TLDR, variable names in the template could depend on the erlang code, but not vice versa. Passing them through variables seems more clear and safe than assuming that they are bound in the template.


I agree with you. I assume this really can be confusing. Anyway, your example get_foo(M) -> fun(M) -> maps:get(foo,M) end. will also works.
I think this is good enough for now, and I will open an issue on the eel repo referring to this discussion to take back what we said here in the future.
I will keep the code as is, and if the lib grows, this is a point to be defined.
I’m thankful for your time and the discussion. Thanks, @mmin!


There is now an issue in the eel lib about this discussion.


In template_compiler [1] we have for all called functions (filters, screen components etc.) an implicit argument Context which holds the current request context. That is the http request, language selection, time zone, request-state variables, etc.

The screen components have an extra implicit argument with the current template variables (a map with binary keys).

This keeps everything in neat functions which can be tested in isolation (and easily reused across templates).

The AST functions that we generate use special lookup functions to find the correct variables in the current variables map. Maybe you could also replace the variables in the generated AST with such lookups. That also enables sensible type casting (e.g. to lists for lists functions) and automatic resolve of special variables like the current language.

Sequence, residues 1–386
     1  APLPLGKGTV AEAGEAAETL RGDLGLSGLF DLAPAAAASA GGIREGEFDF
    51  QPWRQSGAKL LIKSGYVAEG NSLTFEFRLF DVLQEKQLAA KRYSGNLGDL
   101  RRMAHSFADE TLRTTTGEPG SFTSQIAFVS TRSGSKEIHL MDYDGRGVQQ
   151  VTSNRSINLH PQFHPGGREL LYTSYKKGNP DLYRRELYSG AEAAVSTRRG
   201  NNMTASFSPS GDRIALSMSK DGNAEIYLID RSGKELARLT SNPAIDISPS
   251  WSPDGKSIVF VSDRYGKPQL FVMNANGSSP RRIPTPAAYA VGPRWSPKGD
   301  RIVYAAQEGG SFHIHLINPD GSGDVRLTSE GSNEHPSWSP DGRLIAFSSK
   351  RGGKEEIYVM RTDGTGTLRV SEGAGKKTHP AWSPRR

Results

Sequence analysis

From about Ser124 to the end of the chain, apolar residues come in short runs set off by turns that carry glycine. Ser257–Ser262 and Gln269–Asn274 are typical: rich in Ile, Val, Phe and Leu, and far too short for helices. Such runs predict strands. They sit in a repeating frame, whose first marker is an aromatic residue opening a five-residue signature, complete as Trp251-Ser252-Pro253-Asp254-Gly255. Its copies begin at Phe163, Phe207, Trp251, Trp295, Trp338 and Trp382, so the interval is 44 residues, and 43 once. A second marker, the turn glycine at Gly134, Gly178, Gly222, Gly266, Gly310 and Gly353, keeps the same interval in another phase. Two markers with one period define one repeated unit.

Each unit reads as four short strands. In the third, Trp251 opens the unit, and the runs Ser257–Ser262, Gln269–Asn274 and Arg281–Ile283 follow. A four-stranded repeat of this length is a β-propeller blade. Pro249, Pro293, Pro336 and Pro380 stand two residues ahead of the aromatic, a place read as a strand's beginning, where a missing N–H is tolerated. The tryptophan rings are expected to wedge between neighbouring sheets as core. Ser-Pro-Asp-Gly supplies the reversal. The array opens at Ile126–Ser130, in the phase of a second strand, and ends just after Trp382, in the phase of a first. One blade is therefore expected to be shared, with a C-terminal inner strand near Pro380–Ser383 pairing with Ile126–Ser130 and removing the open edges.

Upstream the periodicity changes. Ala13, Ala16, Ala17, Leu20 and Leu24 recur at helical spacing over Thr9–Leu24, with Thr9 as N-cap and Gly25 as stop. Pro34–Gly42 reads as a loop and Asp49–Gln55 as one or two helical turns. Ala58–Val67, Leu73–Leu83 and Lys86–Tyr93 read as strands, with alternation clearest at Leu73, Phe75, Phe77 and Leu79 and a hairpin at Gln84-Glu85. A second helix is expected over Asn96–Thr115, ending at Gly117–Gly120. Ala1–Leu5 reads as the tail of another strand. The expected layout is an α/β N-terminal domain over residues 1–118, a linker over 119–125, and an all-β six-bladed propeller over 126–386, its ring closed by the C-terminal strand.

[1] GitHub - zotonic/template_compiler: Dynamic template compiler for Erlang


Hi, @mworrell! I really appreciate your comment. Your codes from Zotonic are great inspirations for me. I have run into template_compiler code while developing in my current job, but I think it does not have the response for my problem.
For example, I can have <p><%= mymodule:foo() .%></p> in the template and the erlang function in mymodule be foo() -> fun(Foo) -> Foo end.. My question is, how to know about fun(Foo) -> Foo end? I think that the only way is to read the module file and find the function and then parse it into a string. After that scan the string using erl_scan:string("mymodule:foo() -> fun(Foo) -> Foo end.") and so I can use the tokens to retrieve all information needed.

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If you want to know the declaration of the function, then you could also just parse the Erlang module and find all declarations. In there the function parameters should be able to be found.

We do something similar for finding translatable strings in Erlang modules.